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abstract = "Background: Predicting cellular responses to drugs has been a major challenge for personalized drug therapy regimen. Recent pharmacogenomic studies measured the sensitivities of heterogeneous cell lines to numerous drugs, and provided valuable data resources to develop and validate computational approaches for the prediction of drug responses. Most of current approaches predict drug sensitivity by building prediction models with individual genes, which suffer from low reproducibility due to biologic variability and difficulty to interpret biological relevance of novel gene-drug associations. As an alternative, pathway activity scores derived from gene expression could predict drug response of cancer cells. Method: In this study, pathway-based prediction models were built with four approaches inferring pathway activity in unsupervised manner, including competitive scoring approaches (DiffRank and GSVA) and self-contained scoring approaches (PLAGE and Z-score). These unsupervised pathway activity inference approaches were applied to predict drug responses of cancer cells using data from Cancer Cell Line Encyclopedia (CCLE). Results: Our analysis on all the 24 drugs from CCLE demonstrated that pathway-based models achieved better predictions for 14 out of the 24 drugs, while taking fewer features as inputs. Further investigation on indicated that pathway-based models indeed captured pathways involving drug-related genes (targets, transporters and metabolic enzymes) for majority of drugs, whereas gene-models failed to identify these drug-related genes, in most cases. Among the four approaches, competitive scoring (DiffRank and GSVA) provided more accurate predictions and captured more pathways involving drug-related genes than self-contained scoring (PLAGE and Z-Score). Detailed interpretation of top pathways from the top method (DiffRank) highlights the merit of pathway-based approaches to predict drug response by identifying pathways relevant to drug mechanisms. Conclusion: Taken together, pathway-based modeling with inferred pathway activity is a promising alternative to predict drug response, with the ability to easily interpret results and provide biological insights into the mechanisms of drug actions.",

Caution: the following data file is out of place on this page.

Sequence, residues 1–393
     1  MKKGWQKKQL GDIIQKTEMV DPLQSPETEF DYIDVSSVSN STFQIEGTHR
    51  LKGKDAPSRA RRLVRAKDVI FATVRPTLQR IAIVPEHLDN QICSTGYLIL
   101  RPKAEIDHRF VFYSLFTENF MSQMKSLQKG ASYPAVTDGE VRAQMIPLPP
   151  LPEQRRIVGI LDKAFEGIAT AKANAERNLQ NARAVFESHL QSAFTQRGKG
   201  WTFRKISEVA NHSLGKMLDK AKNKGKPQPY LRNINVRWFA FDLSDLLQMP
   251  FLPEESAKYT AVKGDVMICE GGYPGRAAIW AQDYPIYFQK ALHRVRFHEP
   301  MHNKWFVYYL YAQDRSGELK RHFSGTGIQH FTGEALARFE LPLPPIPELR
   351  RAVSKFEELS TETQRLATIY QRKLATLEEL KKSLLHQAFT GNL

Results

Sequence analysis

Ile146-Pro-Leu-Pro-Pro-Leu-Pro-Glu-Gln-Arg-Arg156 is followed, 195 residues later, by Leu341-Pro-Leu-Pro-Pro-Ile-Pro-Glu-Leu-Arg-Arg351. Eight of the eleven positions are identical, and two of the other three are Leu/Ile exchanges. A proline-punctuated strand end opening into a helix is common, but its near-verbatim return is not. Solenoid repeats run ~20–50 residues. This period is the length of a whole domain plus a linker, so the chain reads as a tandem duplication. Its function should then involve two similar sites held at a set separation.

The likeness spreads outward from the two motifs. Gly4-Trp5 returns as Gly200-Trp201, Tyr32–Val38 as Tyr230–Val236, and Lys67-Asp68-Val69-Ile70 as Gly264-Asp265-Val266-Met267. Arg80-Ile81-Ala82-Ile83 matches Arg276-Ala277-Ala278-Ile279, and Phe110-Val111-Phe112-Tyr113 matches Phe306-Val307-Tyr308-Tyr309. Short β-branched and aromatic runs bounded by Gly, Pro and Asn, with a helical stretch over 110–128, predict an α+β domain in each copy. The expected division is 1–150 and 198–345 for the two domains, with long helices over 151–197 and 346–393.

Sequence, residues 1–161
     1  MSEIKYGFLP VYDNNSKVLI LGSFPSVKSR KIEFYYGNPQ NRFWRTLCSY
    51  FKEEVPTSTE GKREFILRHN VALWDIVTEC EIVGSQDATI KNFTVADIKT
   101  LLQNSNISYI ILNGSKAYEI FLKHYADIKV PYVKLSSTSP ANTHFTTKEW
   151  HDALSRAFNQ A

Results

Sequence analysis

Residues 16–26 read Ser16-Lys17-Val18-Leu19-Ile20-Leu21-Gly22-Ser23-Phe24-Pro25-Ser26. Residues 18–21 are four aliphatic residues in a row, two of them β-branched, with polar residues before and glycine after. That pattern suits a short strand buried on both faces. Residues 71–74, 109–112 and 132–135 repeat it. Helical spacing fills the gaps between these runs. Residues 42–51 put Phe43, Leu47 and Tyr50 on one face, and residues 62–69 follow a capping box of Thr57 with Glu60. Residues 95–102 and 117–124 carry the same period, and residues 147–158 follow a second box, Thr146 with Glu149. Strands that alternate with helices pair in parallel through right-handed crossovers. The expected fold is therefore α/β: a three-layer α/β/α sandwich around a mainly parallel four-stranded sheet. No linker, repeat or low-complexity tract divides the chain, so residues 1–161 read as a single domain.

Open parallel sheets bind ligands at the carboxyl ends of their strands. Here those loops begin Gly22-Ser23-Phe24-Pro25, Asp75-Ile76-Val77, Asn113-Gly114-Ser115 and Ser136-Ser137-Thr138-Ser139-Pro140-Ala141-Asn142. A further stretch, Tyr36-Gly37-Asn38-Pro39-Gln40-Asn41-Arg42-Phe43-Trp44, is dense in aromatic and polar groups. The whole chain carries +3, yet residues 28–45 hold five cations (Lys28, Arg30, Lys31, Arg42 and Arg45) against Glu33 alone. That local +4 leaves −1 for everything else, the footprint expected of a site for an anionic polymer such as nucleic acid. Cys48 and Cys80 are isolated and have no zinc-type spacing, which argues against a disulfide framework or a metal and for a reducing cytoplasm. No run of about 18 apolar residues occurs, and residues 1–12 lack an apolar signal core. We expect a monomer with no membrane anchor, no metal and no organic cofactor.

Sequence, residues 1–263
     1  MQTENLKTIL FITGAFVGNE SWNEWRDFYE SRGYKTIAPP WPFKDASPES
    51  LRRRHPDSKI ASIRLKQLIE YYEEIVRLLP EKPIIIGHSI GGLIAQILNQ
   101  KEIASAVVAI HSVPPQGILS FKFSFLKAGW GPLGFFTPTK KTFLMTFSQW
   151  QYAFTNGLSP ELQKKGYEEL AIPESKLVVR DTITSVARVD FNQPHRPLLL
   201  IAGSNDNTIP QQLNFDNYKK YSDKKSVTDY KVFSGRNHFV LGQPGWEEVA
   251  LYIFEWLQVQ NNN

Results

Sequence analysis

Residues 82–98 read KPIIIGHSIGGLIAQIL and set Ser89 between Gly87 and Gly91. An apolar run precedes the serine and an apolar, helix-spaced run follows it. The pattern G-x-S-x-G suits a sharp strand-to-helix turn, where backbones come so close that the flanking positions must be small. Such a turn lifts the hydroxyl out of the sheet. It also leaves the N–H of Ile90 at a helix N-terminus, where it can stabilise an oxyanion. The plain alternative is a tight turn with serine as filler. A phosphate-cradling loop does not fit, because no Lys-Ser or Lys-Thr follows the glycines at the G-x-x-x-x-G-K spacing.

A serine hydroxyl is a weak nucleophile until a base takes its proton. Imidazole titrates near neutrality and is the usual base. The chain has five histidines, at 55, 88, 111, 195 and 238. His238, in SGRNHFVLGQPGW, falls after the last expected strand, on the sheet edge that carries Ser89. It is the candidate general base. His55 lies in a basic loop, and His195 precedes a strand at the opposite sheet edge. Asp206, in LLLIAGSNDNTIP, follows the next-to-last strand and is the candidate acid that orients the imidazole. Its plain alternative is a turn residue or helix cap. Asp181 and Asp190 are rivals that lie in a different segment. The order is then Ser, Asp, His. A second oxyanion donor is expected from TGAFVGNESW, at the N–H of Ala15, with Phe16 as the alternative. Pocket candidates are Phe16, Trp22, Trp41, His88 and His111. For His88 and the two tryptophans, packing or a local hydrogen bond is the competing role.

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AB - Background: Predicting cellular responses to drugs has been a major challenge for personalized drug therapy regimen. Recent pharmacogenomic studies measured the sensitivities of heterogeneous cell lines to numerous drugs, and provided valuable data resources to develop and validate computational approaches for the prediction of drug responses. Most of current approaches predict drug sensitivity by building prediction models with individual genes, which suffer from low reproducibility due to biologic variability and difficulty to interpret biological relevance of novel gene-drug associations. As an alternative, pathway activity scores derived from gene expression could predict drug response of cancer cells. Method: In this study, pathway-based prediction models were built with four approaches inferring pathway activity in unsupervised manner, including competitive scoring approaches (DiffRank and GSVA) and self-contained scoring approaches (PLAGE and Z-score). These unsupervised pathway activity inference approaches were applied to predict drug responses of cancer cells using data from Cancer Cell Line Encyclopedia (CCLE). Results: Our analysis on all the 24 drugs from CCLE demonstrated that pathway-based models achieved better predictions for 14 out of the 24 drugs, while taking fewer features as inputs. Further investigation on indicated that pathway-based models indeed captured pathways involving drug-related genes (targets, transporters and metabolic enzymes) for majority of drugs, whereas gene-models failed to identify these drug-related genes, in most cases. Among the four approaches, competitive scoring (DiffRank and GSVA) provided more accurate predictions and captured more pathways involving drug-related genes than self-contained scoring (PLAGE and Z-Score). Detailed interpretation of top pathways from the top method (DiffRank) highlights the merit of pathway-based approaches to predict drug response by identifying pathways relevant to drug mechanisms. Conclusion: Taken together, pathway-based modeling with inferred pathway activity is a promising alternative to predict drug response, with the ability to easily interpret results and provide biological insights into the mechanisms of drug actions.